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To say that all eyes will be on Nashville in the first round of the Stanley Cup playoffs wouldn't be an understatement. Games 3 through 7 will be nationally broadcast on the Versus network, marking the first time in team history that consecutive games will be on national TV.
Contrast that schedule with the Anaheim/Minnesota series in which none of their games will be broadcast to the U.S. market or the New Jersey/Tampa Bay series which will only be available in Canada and you will see just how far the Preds have come in a single season.
But despite all of the records and milestones set this year, the team still hasn't secured its future in this city and there will be interested parties in Kansas City and Las Vegas cheering on the Sharks to make quick work of the Preds and help them in their negotiations to relieve Nashville of its NHL franchise.
Yes, the stakes are that big. A deep playoff run will sell tickets not only for these "right to the bottom line" playoff games, but it will also directly translate into butts in seats for next season. That's liquid gold to a franchise that still struggles to sell tickets on most week nights when the opponent is not named the Red Wings.
So, with arguably the most important seven games in the Predators' history staring us right in the face, there are still a few things that cause consternation for any Preds fan. This list of five concerns is by no means complete, but I think these are the five most important issues that will determine whether we make a long run into the fortnight and never have to suffer another "Attendance is low, the Preds are moving" article or if a long Summer of discontent and uncertainty once again will await the Predators and their fans.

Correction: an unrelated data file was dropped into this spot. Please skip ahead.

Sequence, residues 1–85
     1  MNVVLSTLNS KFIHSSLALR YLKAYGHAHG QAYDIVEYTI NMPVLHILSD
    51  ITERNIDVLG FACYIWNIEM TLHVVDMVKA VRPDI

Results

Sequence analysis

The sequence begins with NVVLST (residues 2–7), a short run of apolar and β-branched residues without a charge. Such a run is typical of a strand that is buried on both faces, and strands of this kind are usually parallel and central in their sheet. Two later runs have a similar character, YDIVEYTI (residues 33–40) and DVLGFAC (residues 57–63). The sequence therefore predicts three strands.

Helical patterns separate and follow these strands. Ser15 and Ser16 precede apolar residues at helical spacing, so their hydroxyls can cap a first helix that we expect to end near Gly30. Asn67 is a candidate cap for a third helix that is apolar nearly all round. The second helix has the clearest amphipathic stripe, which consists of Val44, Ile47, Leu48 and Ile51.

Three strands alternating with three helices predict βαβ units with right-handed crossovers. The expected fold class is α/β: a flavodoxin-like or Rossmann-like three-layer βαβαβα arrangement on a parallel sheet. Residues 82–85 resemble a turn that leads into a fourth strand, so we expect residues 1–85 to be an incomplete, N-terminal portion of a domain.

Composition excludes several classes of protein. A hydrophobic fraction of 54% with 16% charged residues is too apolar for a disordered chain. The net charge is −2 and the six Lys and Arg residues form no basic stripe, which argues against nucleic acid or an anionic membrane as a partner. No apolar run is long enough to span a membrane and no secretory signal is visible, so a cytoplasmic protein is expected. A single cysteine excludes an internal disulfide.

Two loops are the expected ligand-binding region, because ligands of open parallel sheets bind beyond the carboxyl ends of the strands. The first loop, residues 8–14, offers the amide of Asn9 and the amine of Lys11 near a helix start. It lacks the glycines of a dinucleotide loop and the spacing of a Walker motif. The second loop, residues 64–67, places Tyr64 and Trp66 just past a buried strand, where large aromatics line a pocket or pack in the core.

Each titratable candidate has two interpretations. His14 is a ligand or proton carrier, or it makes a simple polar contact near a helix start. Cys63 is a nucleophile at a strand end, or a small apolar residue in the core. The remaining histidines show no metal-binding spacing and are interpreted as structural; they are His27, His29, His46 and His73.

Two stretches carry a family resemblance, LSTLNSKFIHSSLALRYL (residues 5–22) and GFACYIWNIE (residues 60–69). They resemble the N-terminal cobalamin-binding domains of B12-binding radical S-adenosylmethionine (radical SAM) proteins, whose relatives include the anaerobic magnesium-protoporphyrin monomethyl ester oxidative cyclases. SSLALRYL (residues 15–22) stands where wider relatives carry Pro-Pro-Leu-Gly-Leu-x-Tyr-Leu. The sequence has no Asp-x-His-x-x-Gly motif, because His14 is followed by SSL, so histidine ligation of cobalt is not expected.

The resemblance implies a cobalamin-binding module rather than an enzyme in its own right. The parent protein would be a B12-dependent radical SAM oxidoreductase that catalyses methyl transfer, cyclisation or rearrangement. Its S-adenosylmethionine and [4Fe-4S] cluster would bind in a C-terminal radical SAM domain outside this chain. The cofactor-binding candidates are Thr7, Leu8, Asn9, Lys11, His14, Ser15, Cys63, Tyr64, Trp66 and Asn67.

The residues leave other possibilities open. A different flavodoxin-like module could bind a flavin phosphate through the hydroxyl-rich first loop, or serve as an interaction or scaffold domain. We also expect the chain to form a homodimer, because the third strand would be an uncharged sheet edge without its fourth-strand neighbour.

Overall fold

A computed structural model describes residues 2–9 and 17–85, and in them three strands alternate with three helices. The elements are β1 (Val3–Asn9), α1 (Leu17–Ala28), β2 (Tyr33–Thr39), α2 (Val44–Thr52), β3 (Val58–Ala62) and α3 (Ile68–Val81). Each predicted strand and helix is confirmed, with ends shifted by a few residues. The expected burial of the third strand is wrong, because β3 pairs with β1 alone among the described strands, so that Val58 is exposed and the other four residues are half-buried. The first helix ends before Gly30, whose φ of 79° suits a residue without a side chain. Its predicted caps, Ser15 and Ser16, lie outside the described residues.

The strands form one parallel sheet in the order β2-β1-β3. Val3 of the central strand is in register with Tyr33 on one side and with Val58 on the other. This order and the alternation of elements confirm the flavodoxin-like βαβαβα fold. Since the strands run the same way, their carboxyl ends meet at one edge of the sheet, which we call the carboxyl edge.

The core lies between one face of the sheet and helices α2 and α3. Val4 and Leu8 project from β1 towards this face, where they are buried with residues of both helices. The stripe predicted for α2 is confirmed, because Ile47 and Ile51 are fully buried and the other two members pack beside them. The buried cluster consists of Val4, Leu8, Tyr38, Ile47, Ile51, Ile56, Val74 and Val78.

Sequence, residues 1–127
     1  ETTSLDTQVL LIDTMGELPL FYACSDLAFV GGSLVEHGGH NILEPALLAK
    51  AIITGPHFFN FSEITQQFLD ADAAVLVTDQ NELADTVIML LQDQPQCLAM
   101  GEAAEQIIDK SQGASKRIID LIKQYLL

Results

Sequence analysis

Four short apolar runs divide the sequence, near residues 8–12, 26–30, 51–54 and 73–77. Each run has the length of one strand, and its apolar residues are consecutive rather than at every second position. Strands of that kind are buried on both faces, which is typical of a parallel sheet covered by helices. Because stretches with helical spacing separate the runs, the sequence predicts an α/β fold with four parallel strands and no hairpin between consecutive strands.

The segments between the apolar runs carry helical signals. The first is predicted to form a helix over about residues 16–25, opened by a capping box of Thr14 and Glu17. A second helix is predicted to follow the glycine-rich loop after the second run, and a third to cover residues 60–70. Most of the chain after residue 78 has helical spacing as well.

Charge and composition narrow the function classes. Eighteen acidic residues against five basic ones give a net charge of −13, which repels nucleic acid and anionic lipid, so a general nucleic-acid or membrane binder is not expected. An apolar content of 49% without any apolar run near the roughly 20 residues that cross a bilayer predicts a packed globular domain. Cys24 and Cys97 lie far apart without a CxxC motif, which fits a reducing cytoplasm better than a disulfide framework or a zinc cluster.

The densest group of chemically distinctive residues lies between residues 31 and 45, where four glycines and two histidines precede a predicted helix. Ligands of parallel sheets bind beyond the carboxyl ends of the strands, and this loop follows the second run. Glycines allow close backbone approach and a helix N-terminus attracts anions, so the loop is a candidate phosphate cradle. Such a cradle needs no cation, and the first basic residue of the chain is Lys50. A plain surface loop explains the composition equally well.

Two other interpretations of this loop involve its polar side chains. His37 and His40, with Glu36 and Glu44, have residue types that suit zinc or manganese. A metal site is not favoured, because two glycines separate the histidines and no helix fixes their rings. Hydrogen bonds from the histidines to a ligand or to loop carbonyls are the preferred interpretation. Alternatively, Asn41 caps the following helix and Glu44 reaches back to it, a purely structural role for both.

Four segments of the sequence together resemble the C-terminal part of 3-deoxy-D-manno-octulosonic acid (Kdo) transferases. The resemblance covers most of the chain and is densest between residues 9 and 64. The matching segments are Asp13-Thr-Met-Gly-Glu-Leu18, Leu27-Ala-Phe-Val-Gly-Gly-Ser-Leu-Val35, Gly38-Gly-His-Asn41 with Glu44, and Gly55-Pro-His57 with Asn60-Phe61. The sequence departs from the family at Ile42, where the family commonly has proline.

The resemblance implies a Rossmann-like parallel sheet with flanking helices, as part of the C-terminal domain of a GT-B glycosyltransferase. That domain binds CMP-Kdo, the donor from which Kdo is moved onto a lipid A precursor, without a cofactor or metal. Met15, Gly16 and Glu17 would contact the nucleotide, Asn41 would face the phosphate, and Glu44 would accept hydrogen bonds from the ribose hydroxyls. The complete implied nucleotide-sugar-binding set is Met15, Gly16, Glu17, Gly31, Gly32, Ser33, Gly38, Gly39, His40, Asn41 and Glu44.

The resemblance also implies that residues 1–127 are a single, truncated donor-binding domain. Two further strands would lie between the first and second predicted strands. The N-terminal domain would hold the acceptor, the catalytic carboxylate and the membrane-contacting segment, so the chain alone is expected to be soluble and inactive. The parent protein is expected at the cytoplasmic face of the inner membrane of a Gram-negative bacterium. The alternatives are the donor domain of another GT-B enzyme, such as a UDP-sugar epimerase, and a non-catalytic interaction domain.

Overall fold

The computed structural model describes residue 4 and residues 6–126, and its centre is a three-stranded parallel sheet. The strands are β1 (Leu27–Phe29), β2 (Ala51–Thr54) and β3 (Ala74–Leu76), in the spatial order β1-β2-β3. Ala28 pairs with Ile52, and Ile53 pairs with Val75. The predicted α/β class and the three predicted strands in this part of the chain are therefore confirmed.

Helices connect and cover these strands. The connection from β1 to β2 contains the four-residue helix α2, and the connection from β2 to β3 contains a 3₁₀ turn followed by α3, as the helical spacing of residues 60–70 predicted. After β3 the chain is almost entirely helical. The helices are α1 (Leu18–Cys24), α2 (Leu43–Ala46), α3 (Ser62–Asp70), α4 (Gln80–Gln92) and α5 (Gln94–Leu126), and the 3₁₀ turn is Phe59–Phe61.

1.) The Tootoo Rules
The one constant since the return of Jordin Tootoo from his five game suspension two weeks ago is the undeniable fact that he's a marked man in the eyes of the NHL. He is worthy of his own linesman shadow for each and every game and every borderline physical play results in a two minute penalty for Jordin.
Unfortunately, such a microscope is precisely the worst thing that could have happened to Tootoo. His game is dependent on his physical play. Last season, Coach Trotz tried to tinker with his main weapon and it led to disastrous results for all involved. A listless Tootoo, and by extension Predators team, were easily manhandled by the Sharks last year.
Ultimately, this concern boils down to the Preds' ability to stay out of the penalty box. The first 10 minutes of the first period of game one will decide the fate on this concern. If Toots is whistled for a penalty in one of his first few shifts, it could be a short series for the Preds.
2.) Sully's Mysterious Back
Injuries and how a team responds to them in the playoffs is perhaps the most important key to a long playoff run. This team has had to deal with adversity pretty much for the last two seasons. Now, as players return, it will be interesting to see how the team responds.
Getting a Scott Hartnell and a Martin Erat back can be a good thing, but it could also be a terrible thing. Their return disrupts the chemistry of a team that has come together and gelled into a cohesive unit without them. Additionally, players just don't jump back on the ice in mid-season form. It usually takes a few games/weeks to get up to speed.
At what point is a 100% Fiddler or Smithson better than a 70% Erat?
The biggest injury storyline for the Predators will be without a question Steve Sullivan's mysterious back ailment. Sully has been out of the lineup since mid-February and while the Preds have fared remarkably well in his absence, there's no question in my mind that with a completely healthy Steve Sullivan, the Preds are top in the league, preparing to play the Flames and making space in the rafters for a President's Trophy banner.
When Sully (it's not even a question of if) attempts to play in the post-season, how will it affect this close-knit team. How will his ice time affect the play of players like Alexander Radulov who will almost undoubtedly see his ice time numbers take a hit when Sully returns?
3.) The Legacy of Coach Trotz